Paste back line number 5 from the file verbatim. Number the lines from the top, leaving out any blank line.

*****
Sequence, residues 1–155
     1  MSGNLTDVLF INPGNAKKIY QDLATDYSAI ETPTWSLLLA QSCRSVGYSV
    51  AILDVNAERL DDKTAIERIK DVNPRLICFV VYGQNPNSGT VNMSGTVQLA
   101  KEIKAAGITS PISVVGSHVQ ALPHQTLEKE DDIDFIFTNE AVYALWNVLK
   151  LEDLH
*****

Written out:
   151  LEDLH